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Re: Performance of count(*)

From: Tino Wildenhain <tino(at)wildenhain(dot)de>
To: pgsql-performance(at)postgresql(dot)org
Subject: Re: Performance of count(*)
Date: 2007-03-23 12:01:02
Message-ID: (view raw, whole thread or download thread mbox)
Lists: pgsql-performance
Michael Stone schrieb:
> On Thu, Mar 22, 2007 at 06:27:32PM +0100, Tino Wildenhain wrote:
>> Craig A. James schrieb:
>>> You guys can correct me if I'm wrong, but the key feature that's 
>>> missing from Postgres's flexible indexing is the ability to maintain 
>>> state across queries.  Something like this:
>>>  select a, b, my_index_state() from foo where ...
>>>    offset 100 limit 10 using my_index(prev_my_index_state);
>> Yes, you are wrong :-) The technique is called "CURSOR"
>> if you maintain persistent connection per session
>> (e.g. stand allone application or clever pooling webapplication)
> Did you read the email before correcting it? From the part you trimmed out:
>> The problem is that relational databases were invented before the web 
>> and its stateless applications.  In the "good old days", you could 
>> connect to a database and work for hours, and in that environment 
>> cursors and such work well -- the RDBMS maintains the internal state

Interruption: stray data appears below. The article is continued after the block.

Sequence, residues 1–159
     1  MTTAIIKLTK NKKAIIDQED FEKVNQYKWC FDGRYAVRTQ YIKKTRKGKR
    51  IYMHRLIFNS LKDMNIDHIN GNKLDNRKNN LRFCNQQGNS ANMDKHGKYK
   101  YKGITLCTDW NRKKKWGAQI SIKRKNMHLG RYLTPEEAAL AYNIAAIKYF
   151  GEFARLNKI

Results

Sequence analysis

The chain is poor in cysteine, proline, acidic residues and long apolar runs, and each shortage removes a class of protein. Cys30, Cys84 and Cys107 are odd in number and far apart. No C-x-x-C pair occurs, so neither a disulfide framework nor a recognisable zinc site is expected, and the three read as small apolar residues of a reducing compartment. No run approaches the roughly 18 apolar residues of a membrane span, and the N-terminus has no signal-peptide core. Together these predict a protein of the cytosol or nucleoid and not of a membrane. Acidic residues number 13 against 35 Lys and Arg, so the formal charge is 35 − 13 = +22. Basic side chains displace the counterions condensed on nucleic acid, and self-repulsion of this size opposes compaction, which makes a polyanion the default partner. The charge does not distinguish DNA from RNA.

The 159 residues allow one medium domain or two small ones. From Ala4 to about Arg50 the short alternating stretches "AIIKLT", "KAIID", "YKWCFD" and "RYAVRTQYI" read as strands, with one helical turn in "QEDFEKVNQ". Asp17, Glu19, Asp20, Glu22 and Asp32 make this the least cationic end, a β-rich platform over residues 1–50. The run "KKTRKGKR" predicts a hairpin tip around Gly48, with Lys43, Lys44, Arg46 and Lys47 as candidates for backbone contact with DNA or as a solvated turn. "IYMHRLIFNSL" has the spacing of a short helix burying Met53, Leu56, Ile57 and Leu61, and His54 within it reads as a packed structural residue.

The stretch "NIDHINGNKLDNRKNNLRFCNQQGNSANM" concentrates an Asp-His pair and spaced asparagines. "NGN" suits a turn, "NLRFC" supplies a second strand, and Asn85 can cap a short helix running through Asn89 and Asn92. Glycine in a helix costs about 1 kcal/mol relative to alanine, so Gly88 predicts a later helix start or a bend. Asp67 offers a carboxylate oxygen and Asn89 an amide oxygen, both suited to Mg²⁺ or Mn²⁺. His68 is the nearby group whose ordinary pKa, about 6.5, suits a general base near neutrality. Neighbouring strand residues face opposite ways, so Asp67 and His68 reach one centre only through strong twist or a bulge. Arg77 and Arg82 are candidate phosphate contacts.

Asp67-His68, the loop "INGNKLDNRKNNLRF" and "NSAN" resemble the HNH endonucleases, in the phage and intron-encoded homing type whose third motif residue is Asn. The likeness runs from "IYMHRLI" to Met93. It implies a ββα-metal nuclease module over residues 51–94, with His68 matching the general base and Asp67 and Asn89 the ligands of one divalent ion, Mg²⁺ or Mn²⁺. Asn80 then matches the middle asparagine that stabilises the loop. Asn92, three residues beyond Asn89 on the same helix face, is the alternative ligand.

>> of the indexing system.  But in a web environment, state information 
>> is very difficult to maintain.  There are all sorts of systems that 
>> try (Enterprise Java Beans, for example), but they're very complex.

Yes, but actually this is not true. They are not so complex in this
regard. All you have to do is to look in the pg_cursor view if
your cursor is there and if not, create it in your session.
All you need to maintain is the cursor name which maps to your
session + the special query you run. This should be easy
in any web application.

> It sounds like they wrote their own middleware to handle the problem, 
> which is basically what you suggested (a "clever pooling web 
> application") after saying "wrong".

I read about "building index data outside postgres" which still is
the wrong approach imho.

This discussion is a bit theoretical until we see the actual problem
and the proposed solution here.


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